[Yum] Weird yum/kernel problem

Brian Long (brilong) brilong at cisco.com
Fri Dec 12 13:11:26 UTC 2014


Bob,
Some questions & recommendations:
Why not use a supported RAID controller for a production server?

Have you tried using DKMS?  I found a guide for Ubuntu and a lot of what it says applies to Fedora:

https://help.ubuntu.com/community/RocketRaid

If I were the sysadmin of your box and it needed to be online as much as possible, I would use a LSI RAID controller.  There are others out there which work, but I’m most familiar with LSI.  Many vendors integrate their RAID controllers into their own RAID cards (Dell PERC, for example).  I would most definitely stay away from RAID controllers where the driver is not integrated into the mainstream kernel.

Just my 2 cents.

/Brian/
--
       Brian Long                             |       |
       Research Triangle Park, NC         . | | | . | | | .
                                              '       '
                                              C I S C O

On Dec 11, 2014, at 11:03 PM, Bob McKay <rimsnucse at gmail.com<mailto:rimsnucse at gmail.com>> wrote:

I’m not sure whether the problem I’m about to describe is a yum problem, or a problem with the way the kernel packages are set up in our Fedora 20 server. If this is the wrong place to ask, I’d really appreciate a pointer to the right one (the Fedora mechanism for yum kernel updates seems to be particularly complex, and I haven’t properly understood it yet, which is why I’m not sure where the real problem lies).

I have some RAID hardware that requires a driver module to be built after every kernel update (all updates are performed with yum, not package-manager). My process is to disable the hardware, boot to the newly-updated kernel, build and install the module, then re-enable the harware and reboot. Since about mid year, I have been having repeated problems building the module. When I build it, the build appears to succeed, but install fails, saying that the module wasn’t built against the running kernel. This seems to be correct - when I manually check the magic of the built module, it shows the preceding kernel (i.e. at the moment, 3.17.2), although it  was built under a running 3.17.3 kernel, and is installed in the correct location for 3.17.3 modules.

By the way, I have no clear idea how I got to a working 3.17.2 kernel - the problem originally occurred at 3.16.3, and I was stuck in that kernel for a long while. Fortunately I had some free time on the server a few weeks ago. Somehow something in a complex sequence of grub2-install, grub2-mkconfig , removals and reinstallations of the corresponding kernel and kernel-devel, and module rebuilds changed something, and I managed to get the 3.17.2 update working. But I haven’t been able to figure out what it was, or to reproduce it since.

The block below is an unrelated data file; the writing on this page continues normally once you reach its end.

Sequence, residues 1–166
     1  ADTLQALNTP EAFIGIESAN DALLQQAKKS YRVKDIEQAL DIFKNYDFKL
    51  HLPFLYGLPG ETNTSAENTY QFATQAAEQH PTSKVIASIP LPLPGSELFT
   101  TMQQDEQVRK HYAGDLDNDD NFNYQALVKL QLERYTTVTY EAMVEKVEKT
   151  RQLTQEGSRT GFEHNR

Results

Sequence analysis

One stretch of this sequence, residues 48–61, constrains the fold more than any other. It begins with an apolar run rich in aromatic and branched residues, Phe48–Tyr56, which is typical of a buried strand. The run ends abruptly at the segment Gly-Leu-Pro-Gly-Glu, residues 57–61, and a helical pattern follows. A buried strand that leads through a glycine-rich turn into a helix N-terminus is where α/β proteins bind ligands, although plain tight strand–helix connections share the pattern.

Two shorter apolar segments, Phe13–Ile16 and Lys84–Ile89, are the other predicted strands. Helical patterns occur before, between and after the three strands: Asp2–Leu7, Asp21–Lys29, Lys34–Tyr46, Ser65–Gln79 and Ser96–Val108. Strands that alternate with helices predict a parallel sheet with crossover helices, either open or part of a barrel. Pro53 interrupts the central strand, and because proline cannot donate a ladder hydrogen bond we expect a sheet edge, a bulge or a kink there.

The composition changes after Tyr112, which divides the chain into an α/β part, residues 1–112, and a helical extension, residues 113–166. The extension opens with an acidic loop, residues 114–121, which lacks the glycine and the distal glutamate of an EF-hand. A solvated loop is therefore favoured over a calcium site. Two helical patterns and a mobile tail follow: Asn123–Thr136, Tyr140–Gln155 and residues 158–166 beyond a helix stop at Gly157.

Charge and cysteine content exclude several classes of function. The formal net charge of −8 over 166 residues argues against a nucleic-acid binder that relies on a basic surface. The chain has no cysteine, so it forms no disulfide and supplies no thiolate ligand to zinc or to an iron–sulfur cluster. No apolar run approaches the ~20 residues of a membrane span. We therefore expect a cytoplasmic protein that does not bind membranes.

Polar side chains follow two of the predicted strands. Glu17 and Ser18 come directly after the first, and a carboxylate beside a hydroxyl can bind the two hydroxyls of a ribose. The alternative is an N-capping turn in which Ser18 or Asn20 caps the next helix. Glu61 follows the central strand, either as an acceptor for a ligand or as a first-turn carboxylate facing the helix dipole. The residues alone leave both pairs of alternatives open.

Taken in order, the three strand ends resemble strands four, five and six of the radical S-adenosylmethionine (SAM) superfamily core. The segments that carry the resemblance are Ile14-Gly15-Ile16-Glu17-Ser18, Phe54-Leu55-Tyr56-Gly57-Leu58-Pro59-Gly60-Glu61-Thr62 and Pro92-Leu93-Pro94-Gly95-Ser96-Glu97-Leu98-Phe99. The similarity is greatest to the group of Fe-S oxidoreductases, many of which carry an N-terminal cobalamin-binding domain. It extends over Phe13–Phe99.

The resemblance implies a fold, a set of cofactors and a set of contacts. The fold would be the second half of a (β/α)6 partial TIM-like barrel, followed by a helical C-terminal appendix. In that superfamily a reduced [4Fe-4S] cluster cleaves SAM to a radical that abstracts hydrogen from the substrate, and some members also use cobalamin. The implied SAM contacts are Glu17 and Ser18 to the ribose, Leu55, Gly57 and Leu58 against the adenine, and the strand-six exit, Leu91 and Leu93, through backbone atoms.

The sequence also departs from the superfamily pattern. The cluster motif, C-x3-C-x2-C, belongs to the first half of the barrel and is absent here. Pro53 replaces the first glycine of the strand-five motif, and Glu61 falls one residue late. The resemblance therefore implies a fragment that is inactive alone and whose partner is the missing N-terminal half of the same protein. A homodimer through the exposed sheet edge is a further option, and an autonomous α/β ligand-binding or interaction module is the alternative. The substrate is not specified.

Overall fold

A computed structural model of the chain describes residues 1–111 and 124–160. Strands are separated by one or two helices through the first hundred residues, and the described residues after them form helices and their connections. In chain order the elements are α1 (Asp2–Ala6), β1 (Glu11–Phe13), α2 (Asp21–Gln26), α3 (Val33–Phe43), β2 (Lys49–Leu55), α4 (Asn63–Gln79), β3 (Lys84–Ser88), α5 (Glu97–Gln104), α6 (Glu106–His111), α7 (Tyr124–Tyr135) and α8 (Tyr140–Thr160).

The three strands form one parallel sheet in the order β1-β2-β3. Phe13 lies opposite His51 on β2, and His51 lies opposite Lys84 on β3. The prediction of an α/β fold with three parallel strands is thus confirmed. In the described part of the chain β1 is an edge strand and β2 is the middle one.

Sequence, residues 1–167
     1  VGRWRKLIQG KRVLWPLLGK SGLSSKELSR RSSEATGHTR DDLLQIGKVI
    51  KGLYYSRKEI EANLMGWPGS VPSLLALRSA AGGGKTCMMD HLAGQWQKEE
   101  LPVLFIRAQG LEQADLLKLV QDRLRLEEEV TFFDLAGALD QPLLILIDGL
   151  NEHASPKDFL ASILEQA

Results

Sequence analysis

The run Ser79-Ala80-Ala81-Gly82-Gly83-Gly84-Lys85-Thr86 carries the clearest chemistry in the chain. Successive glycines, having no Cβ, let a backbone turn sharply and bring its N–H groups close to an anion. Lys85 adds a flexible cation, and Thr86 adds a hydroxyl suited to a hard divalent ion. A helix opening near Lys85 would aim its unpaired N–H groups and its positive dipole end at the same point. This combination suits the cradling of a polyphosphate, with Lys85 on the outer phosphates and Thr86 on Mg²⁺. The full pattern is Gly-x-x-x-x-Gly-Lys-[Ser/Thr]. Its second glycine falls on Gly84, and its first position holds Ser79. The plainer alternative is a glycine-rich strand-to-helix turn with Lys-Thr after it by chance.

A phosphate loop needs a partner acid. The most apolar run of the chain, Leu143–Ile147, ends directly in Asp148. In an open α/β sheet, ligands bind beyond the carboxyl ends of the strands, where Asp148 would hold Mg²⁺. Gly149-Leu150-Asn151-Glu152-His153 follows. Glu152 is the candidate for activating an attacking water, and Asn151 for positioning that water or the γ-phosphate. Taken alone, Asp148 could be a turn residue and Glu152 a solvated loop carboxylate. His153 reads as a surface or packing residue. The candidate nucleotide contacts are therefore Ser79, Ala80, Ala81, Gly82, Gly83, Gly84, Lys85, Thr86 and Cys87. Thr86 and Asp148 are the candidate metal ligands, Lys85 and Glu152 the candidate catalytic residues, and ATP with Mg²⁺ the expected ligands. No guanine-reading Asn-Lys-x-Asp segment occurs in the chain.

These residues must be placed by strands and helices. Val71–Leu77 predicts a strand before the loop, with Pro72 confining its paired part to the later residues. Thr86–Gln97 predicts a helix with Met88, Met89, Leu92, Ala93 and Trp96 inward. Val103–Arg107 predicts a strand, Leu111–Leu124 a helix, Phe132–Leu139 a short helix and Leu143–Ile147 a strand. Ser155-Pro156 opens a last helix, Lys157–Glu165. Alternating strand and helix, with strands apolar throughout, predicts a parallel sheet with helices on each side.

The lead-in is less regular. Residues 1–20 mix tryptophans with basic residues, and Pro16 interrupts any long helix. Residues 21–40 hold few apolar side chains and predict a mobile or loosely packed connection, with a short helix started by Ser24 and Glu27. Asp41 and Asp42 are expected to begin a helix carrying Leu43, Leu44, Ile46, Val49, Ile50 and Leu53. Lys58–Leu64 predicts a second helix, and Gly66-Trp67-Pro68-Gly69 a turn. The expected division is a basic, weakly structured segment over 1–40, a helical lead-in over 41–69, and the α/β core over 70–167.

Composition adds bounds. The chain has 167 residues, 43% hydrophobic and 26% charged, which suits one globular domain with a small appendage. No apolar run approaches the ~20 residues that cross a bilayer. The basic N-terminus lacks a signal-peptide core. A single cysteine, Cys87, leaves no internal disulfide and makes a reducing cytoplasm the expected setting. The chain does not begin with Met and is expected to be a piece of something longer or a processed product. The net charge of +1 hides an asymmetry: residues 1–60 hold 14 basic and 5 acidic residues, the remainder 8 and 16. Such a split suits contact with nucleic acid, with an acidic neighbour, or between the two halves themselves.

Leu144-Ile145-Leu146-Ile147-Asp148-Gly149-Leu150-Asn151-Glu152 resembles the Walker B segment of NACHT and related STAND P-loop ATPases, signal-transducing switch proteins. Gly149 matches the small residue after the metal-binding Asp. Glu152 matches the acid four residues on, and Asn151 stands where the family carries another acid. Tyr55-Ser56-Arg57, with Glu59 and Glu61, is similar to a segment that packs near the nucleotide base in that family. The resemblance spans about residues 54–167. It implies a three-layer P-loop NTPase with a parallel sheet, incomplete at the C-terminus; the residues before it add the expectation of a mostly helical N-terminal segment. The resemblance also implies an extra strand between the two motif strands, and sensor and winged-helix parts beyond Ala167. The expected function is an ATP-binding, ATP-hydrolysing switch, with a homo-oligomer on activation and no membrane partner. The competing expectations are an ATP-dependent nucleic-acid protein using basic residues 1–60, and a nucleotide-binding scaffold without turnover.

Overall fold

Why it looks like it should build correctly: at the time of building, all kernel components have been fully updated. For example, at the moment, I have kernel, kernel-devel, kernel-modules-extra and kernel devel all at 3.17.3 (but of course, I also have earlier versions of kernel, kernel-headers and kernel-modules-extra installed as well - in this case, including 3.17.2). When I try to do the build and install, it is booted in 3.17.3. So I don’t understand why it builds a 3.17.2 module.

It seems that at the time it is building the module, the system is somehow defaulting to building for 3.17.2. That suggests that a necessary flag recording the current kernel version isn’t being updated when the kernel is updated or booted - I haven’t been able to figure out how the system decides what the current kernel is, so I don’t know where this flag might be. Any suggestions on how this is done (and why it might be failing, or how to check it) would be really appreciated.

There is more detail on the problem at:
http://forums.fedoraforum.org/showthread.php?t=300863
https://bugzilla.redhat.com/show_bug.cgi?id=1167222
but unfortunately no responses in either place yet (possibly because there isn’t sufficient detail - but I have no idea what else to supply).

The system is a production server; it’s currently running stably with 3.17.2, and I can’t reboot very often, so any suggestions that would help me to diagnose this problem without rebooting would be particularly appreciated.
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